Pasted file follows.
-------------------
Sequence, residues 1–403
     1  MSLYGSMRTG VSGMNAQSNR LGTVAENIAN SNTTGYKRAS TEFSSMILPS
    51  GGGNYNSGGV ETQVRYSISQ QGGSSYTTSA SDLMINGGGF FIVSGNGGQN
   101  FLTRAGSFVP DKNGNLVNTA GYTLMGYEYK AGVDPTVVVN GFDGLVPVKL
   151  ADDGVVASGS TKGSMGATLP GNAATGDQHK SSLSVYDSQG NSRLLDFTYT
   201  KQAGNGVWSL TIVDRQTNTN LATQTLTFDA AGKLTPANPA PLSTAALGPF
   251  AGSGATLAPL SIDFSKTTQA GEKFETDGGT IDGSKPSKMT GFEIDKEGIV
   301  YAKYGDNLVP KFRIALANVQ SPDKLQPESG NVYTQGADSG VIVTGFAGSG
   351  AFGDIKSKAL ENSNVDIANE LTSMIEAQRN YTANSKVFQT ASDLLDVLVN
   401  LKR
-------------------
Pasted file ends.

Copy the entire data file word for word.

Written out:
Sequence, residues 1–403
     1  MSLYGSMRTG VSGMNAQSNR LGTVAENIAN SNTTGYKRAS TEFSSMILPS
    51  GGGNYNSGGV ETQVRYSISQ QGGSSYTTSA SDLMINGGGF FIVSGNGGQN
   101  FLTRAGSFVP DKNGNLVNTA GYTLMGYEYK AGVDPTVVVN GFDGLVPVKL
   151  ADDGVVASGS TKGSMGATLP GNAATGDQHK SSLSVYDSQG NSRLLDFTYT
   201  KQAGNGVWSL TIVDRQTNTN LATQTLTFDA AGKLTPANPA PLSTAALGPF
   251  AGSGATLAPL SIDFSKTTQA GEKFETDGGT IDGSKPSKMT GFEIDKEGIV
   301  YAKYGDNLVP KFRIALANVQ SPDKLQPESG NVYTQGADSG VIVTGFAGSG
   351  AFGDIKSKAL ENSNVDIANE LTSMIEAQRN YTANSKVFQT ASDLLDVLVN
   401  LKR